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Salmon make a hardcore journey upstream to their spawning grounds to reproduce, and it almost always ends with death. But some live to reproduce again, and more than once!

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[♪ INTRO].

Most animals, often including humans, can have a kid and then have more kids, if the whole parenthood thing doesn’t put them off of the idea of doing it more than once. This is called iteroparity.

But not all animals are like this. Some creatures use a strategy called semelparity. They reproduce one time, then die immediately afterwards.

Examples of semelparous animals include gypsy moths, mayflies, and marsupial mice. But the most famous species are salmon. The journey these fish make upstream is one of the most hardcore things in the animal kingdom.

And it almost always ends with death. Except, some species manage to survive against the odds. A lucky few live to spawn again.

And learning more about how they do it could teach us a lot about reproduction as a whole, and possibly help save endangered fish. Now, when it comes to perilous expeditions,. Pacific salmon and Atlantic salmon are very different.

Pacific salmon are an example of what most salmon are like. They’re famous for being delicious, and for willingly embarking on a voyage of death shortly after reaching sexual maturity. They’re born in rivers, reared on floodplains, then gradually make their way out to sea.

But once they get there, they aren’t content to just hang out by the beach and enjoy coastal living. They eventually decide it’s time to head back up the river, settle down, and raise a family. Only for salmon, "settling down" means settling down eternally; as in, sleeping with the fishes.

The reason Pacific salmon don’t survive spawning is partly because their bodies just don’t last long after they reach maturity. But it’s also partly because the journey literally kills them. Some of these determined fish travel more than 3000 kilometers upstream to their spawning grounds.

And even when they manage to avoid bears, humans, and a myriad of other dangers, they may die from exhaustion. The ones that make it aren’t usually in good shape when they arrive, either. Along the way, they use up so much energy that they have to resort to some pretty extreme strategies, including absorbing their own bones so they won’t run out of calcium.

They also stop eating. That way, they can put eggs or sperm where their now-disintegrated stomachs used to be. So, by the time they arrive at their spawning grounds, their fat stores are used up, and their muscles are wasting away.

It seems awful to us, but it’s what salmon do. Unless, that is, they want to mess with our understanding of the natural order. Like some Atlantic salmon.

Unlike Pacific salmon, Atlantic salmon don’t always die after they spawn:. Some live to reproduce again, and not just one more time, but as many as seven times. They’re iteroparous like humans.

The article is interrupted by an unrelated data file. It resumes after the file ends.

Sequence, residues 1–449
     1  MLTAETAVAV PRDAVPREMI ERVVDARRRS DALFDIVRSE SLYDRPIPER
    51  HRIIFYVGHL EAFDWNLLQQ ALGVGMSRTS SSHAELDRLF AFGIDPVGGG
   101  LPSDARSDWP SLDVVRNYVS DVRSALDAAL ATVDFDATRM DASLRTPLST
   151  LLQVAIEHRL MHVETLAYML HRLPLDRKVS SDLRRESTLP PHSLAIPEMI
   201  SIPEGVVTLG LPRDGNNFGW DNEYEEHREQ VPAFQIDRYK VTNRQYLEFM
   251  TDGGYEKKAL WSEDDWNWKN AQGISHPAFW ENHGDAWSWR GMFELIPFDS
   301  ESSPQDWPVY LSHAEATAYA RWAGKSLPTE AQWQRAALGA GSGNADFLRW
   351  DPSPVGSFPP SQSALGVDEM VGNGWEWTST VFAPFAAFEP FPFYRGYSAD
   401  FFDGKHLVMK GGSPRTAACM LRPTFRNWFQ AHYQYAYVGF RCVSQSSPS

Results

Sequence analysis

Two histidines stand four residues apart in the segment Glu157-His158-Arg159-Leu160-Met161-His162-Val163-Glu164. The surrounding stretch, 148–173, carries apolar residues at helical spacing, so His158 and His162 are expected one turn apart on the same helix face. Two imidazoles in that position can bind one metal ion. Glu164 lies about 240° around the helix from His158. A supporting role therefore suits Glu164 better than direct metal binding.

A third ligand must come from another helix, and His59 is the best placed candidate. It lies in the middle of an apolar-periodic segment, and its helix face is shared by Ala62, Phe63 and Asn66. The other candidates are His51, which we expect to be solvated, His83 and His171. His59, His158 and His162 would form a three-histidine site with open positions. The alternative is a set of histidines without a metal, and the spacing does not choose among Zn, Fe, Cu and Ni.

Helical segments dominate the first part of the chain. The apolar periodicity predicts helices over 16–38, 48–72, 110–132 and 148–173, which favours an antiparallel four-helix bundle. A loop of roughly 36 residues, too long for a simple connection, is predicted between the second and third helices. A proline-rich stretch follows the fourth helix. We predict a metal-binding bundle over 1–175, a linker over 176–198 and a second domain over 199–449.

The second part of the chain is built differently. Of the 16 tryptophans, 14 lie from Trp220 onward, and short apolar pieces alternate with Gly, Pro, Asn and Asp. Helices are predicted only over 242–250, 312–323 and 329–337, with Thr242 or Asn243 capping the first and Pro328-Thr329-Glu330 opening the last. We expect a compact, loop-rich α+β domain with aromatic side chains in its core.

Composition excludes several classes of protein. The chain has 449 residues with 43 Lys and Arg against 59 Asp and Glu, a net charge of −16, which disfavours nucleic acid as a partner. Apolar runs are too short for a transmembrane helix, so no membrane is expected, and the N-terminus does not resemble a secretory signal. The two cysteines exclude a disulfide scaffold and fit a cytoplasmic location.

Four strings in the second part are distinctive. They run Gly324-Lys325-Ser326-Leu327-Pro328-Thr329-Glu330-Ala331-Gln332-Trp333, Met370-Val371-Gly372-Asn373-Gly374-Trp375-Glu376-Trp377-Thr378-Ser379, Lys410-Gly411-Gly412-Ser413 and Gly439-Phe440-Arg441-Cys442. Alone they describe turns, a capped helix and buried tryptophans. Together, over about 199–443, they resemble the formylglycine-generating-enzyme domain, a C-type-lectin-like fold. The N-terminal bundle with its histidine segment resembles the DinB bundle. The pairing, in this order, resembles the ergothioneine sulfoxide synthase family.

And when they’ve survived the first spawning, they’re called kelts. Most are female, and they’re super tough, because after all the deprivation and exhausting travel and predator-dodging they're all like, "That was fun! Let's do this again next year!" And they’re not just the occasional oddity, either:.

In Norway, up to 20% of female salmon might be multi-year spawners. So, for these fish, survival isn’t an accident. And while there’s a lot we don’t know about kelts, they do seem to be really important for salmon populations.

Repeat spawners have an extra year of growth, so they’re bigger. And bigger fish are better at producing offspring. Like, in Norway, 20% of females are respawners, but they produce 27% of the eggs.

Part of this seems to be that respawners build better redds, which are the carefully-constructed piles of gravel that they lay their eggs in. Larger females can build deeper nests from heavier gravel, which will better protect their eggs from predators and from the dangers of a fast-moving current. But also, the kelts lay more eggs, and their eggs are larger than those produced by first-time spawners.

It’s not clear why, but it does help boost populations of Atlantic salmon, which is especially important now that they’re threatened by pollution and other changes to their environment. Like, during years when not so many first-time spawners make it upstream, up to 60% of the eggs present on the spawning grounds might belong to kelts. At this point, though, there are still more questions than answers about these fish.

Like, we’re not exactly sure what makes them different from one-time spawners, or how they survive spawning season so well. It may have something to do with their metabolisms, or maybe their genetics? Like, we know kelts have a gene variant that makes them mature earlier.

And for some reason, salmon with this variant can be more than twice as likely to survive and respawn. Beyond that, we’re also not sure why this happens in Atlantic salmon but not in Pacific salmon, but figuring out why could teach us a lot. We know that the two species diverged several million years ago, so they’ve had a lot of time to develop differences in their reproductive strategies.

And now, studying the differences between the environment and genetics of these groups could help us understand why they did. There’s a lot to learn here! And of course, knowing more about these die-hard super-spawners could help us conserve critically endangered salmon populations, too, groups that may depend on these older, wiser fish when the going gets tough.

So, while studying kelts can be fun just for the wonder of it, they might also help us answer some big questions. Now, salmon migrations are pretty extreme, but some animals have migrations that are even more impressive. Like certain geese, which fly over mountains.

You can learn about them after this. And as always, thanks for watching this episode of SciShow. [♪ OUTRO].